It was indicated to me that I needed to take the straps off my shoulders but clearly that was not good enough as the straps were then yanked down to my waist. Ummmmnnn HELLO??!!!!! Didn’t feel at all akward, luckily Ronnie was kind of in the same room as I felt SO uncomfortable and could see all these images of me being assaulted by this man that there and then I wanted to pull my costume up and getting the hell out of there. So I was lathered up on my back and arms and the scrubbing continued and I started to get the giggles at the current situation and the absurdity of it.
The moment of hell came when ‘TURN!’ was shouted at me. Dear God NOOOOO!! Not only was the marble slate so slippery by now I seriously felt like I was going to come flying off it and landing in a heap on the floor. I was trying to retain my dignity and covering myself up amd was given a tiny piece of cloth to cover my boobs with – yeah, hardly covered my nipples it was so small and trying to cover myself whilst turning over so that nothing popped out that was not meant to!! God I felt embaressed. I felt prudish too. I am pretty sure that I would have been way less body concious if I had known what the ‘massage’ actually involved!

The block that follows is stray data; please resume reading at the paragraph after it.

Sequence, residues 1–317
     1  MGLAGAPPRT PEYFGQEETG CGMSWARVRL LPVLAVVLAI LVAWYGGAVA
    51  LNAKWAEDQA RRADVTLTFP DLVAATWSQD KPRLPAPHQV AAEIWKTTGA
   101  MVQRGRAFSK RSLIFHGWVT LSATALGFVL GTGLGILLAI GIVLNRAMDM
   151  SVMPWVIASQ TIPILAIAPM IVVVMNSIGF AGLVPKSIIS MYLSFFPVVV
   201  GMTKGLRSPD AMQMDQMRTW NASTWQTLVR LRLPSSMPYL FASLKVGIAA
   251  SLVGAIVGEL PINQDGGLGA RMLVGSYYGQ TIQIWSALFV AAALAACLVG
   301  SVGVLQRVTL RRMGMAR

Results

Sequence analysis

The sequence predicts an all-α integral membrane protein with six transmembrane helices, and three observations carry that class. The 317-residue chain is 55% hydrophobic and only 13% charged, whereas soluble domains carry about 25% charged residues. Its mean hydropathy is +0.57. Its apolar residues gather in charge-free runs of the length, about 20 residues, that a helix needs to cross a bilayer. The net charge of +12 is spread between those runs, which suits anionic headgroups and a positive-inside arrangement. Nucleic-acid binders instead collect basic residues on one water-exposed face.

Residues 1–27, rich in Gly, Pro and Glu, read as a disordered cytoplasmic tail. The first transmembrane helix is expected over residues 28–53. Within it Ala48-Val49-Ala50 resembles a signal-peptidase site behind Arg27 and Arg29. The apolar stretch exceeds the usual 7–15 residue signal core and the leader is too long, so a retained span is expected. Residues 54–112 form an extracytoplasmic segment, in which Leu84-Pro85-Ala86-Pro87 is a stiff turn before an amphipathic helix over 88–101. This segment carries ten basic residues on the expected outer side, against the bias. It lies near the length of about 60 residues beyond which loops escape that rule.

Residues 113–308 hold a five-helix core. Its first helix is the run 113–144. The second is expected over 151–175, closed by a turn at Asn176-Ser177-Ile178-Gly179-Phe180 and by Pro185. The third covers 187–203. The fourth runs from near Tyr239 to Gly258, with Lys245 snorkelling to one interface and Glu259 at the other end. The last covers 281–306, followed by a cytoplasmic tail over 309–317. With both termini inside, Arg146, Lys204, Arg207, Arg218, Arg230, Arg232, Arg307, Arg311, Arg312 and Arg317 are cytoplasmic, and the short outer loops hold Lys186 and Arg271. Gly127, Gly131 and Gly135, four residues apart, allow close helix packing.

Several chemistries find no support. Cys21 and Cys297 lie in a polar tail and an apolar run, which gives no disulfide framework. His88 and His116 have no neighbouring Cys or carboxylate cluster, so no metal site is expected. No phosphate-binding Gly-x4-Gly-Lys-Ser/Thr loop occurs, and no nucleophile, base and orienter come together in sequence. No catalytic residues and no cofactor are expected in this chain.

I had one arm holding on for dear life to the tiny bit of cloth and the other was being pummled and then when the other arm needed to be done it was a case of swapping the arms over very gently so again nothing spills out. Once that was done he crossed my arms over one way and then the other and then put all of his weight on – blimey I didn’t half hear my back click and again when he did it the other way. I had visions of me being unable to walk after this. Then with my legs being pushed back to my knees which again clicked really loudly. Yet more scrubbing and assaging with yet more embaressment when my behind was subjected to the scrubbing massaging and so on – I thought that it was cleverly hidden away by my swimming costume but that did not seem to bother the getleman in the slightest. Good god I felt used and abused to put it mildly! Worst of all Hazim came in part way through to check that we were all ok – he would have got more than the eeful that he had bargined for!! The whole experience ended with being doused in wateragain and off I slipped – quite literally having pulled my costume back up – it has some suppot/stapping on th interior which made everyhing skewif but by this stage I was past caring. I had to shower and used what I now believe to be handwash to wash my hair – oh well!